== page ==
«Europe is experiencing one of its most difficult periods since the ‘60s. It does not need Brussels to engage in useless controversies. Italy is not raising controversy but it obeys E.U. rules and demands to be respected,” Minister Gentiloni said in reply to the unprecedented words of criticism addressed by the President of the EU Commission, Jean Claude Juncker, to the Italian Government. Foreign Minister Gentiloni prefers to focus on the challenges that the European Union is confronting.
Italy has done several things in the past month, not all of which are consistent with what is being done in Europe: launching a joint initiative with London, criticizing Germany and the EU Commission, promoting an initiative with the six EU Founding Member to relaunch integration. Is there a strategy behind such a flurry of undertakings?
“Besides protecting – as everyone does – its own national interests and rights, Italy is putting its stakes on relaunching the Union, being convinced that, on the one hand, it should be connected to a more expansive economic policy and, on the other hand, to a prospected progress in integration by a group of Countries, regardless of the fact that this goal is not shared by other partners. I believe there is no contradiction in sharing with our British partners the idea of a Europe seen as two concentric circles and, at the same time, pushing up the level of integration between the countries willing to do so.”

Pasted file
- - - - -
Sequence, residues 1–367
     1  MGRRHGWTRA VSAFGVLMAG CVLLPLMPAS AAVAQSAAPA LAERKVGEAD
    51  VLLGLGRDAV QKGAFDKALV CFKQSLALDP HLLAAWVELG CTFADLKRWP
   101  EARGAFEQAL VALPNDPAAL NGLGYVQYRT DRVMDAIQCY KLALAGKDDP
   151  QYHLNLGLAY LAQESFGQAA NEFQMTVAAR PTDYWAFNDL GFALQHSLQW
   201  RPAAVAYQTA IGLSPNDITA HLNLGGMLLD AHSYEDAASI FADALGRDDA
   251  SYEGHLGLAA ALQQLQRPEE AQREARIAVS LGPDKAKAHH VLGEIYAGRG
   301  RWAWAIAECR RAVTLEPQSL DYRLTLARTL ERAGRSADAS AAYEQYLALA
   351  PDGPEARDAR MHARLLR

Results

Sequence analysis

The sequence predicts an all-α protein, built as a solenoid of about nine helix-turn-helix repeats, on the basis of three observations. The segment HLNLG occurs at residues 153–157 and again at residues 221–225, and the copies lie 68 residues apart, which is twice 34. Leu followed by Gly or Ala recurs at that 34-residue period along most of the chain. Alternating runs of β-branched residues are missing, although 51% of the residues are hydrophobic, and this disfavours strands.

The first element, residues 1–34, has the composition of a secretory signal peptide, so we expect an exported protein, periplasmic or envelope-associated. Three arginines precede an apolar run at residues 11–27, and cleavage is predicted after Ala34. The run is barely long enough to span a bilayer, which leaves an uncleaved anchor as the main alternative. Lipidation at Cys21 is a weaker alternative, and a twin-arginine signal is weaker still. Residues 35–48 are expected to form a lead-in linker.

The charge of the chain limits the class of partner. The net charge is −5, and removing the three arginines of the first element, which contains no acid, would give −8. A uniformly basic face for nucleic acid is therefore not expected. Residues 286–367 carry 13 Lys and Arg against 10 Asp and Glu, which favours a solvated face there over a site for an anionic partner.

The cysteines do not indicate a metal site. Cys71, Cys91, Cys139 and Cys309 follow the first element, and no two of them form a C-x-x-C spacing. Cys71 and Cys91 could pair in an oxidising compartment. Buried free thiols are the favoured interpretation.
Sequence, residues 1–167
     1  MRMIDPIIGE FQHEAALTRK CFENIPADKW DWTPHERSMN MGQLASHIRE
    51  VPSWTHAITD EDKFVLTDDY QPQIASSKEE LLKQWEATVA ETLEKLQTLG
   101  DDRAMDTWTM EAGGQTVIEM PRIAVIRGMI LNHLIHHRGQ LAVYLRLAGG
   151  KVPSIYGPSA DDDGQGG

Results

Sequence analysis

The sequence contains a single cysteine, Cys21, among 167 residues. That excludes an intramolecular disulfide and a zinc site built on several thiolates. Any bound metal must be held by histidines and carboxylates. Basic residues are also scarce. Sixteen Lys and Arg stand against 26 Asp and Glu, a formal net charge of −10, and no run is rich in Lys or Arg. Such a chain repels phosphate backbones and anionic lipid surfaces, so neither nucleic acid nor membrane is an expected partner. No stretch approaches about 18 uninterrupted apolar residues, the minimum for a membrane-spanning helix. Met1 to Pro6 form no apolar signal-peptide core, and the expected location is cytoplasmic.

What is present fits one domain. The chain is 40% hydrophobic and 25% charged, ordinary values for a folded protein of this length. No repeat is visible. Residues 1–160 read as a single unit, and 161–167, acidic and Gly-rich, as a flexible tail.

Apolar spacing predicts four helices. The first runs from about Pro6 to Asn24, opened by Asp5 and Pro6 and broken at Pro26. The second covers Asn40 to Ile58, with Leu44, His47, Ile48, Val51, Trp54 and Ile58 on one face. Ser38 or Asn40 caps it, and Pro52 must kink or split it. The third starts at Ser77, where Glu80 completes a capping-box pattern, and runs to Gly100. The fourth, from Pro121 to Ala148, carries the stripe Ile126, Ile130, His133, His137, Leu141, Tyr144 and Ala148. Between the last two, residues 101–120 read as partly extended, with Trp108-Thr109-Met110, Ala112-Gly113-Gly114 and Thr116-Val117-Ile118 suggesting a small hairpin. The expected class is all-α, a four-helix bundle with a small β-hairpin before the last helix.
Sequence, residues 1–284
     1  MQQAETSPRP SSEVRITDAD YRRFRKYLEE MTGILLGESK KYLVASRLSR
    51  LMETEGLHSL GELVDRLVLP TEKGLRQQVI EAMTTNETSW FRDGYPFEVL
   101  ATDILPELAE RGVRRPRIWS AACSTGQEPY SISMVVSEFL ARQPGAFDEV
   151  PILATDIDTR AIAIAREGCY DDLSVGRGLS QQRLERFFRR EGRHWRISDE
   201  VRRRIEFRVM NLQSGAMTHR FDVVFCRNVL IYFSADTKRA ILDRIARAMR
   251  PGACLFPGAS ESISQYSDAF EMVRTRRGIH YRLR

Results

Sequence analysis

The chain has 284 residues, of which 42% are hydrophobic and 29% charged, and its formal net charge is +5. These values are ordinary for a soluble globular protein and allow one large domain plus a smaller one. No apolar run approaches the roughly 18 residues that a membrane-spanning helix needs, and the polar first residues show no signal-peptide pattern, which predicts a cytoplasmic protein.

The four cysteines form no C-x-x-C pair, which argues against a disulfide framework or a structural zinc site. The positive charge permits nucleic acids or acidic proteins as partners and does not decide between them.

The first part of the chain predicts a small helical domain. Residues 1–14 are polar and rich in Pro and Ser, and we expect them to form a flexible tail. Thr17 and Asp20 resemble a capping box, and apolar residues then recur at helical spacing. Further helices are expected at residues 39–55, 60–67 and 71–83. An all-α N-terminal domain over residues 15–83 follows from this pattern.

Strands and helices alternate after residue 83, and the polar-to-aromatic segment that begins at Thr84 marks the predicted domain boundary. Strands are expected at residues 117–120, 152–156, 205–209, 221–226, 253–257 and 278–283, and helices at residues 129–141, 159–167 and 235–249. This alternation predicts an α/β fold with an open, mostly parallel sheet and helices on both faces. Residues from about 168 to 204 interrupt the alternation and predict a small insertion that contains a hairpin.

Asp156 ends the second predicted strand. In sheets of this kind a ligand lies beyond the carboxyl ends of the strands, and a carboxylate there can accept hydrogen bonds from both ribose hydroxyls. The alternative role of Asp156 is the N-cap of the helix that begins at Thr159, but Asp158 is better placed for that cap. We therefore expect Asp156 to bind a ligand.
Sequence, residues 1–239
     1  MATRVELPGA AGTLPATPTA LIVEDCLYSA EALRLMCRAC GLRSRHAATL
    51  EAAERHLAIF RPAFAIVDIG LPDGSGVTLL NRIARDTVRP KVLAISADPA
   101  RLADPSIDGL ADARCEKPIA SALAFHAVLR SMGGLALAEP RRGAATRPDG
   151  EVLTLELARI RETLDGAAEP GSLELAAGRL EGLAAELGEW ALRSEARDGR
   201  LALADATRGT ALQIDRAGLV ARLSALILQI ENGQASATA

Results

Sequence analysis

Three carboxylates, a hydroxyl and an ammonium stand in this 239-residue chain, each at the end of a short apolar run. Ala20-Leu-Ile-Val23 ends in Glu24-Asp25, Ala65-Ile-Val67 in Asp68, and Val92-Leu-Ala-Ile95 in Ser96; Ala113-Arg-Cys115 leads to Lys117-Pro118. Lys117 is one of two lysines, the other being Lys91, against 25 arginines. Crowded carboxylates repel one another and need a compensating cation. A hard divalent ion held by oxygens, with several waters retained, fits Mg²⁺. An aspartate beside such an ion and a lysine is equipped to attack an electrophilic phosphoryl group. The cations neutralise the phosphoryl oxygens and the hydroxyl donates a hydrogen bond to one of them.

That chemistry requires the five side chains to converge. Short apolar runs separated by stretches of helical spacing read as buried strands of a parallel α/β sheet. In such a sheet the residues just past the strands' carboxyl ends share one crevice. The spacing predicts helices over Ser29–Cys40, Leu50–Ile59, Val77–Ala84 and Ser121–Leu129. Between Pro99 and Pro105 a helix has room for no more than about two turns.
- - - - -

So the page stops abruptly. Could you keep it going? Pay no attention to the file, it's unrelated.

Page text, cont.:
President Juncker criticises Italy for failing to set up hot spots, for applying fractions of flexibility to achieving the budget target without having previously agreed on it with the Commission, holding reservations on the funds allocated to Turkey for Syrian refugees.
“If the issue is flexibility, Italy is using the margins laid down under current rules. The controversy on who introduced flexibility seems to be irrelevant. It is evident that, from an operational point of view, it was a Commission policy, but politically it was a brainchild of Italy’s EU rotating Presidency.”
Mr. Minister, you are saying that Italy is obeying the rules, but President Juncker defined “astounding” Italy’s reservations on allocating its quota of the €3bn pledged to Ankara for Syrian refugees. Why are we pushing on the brake?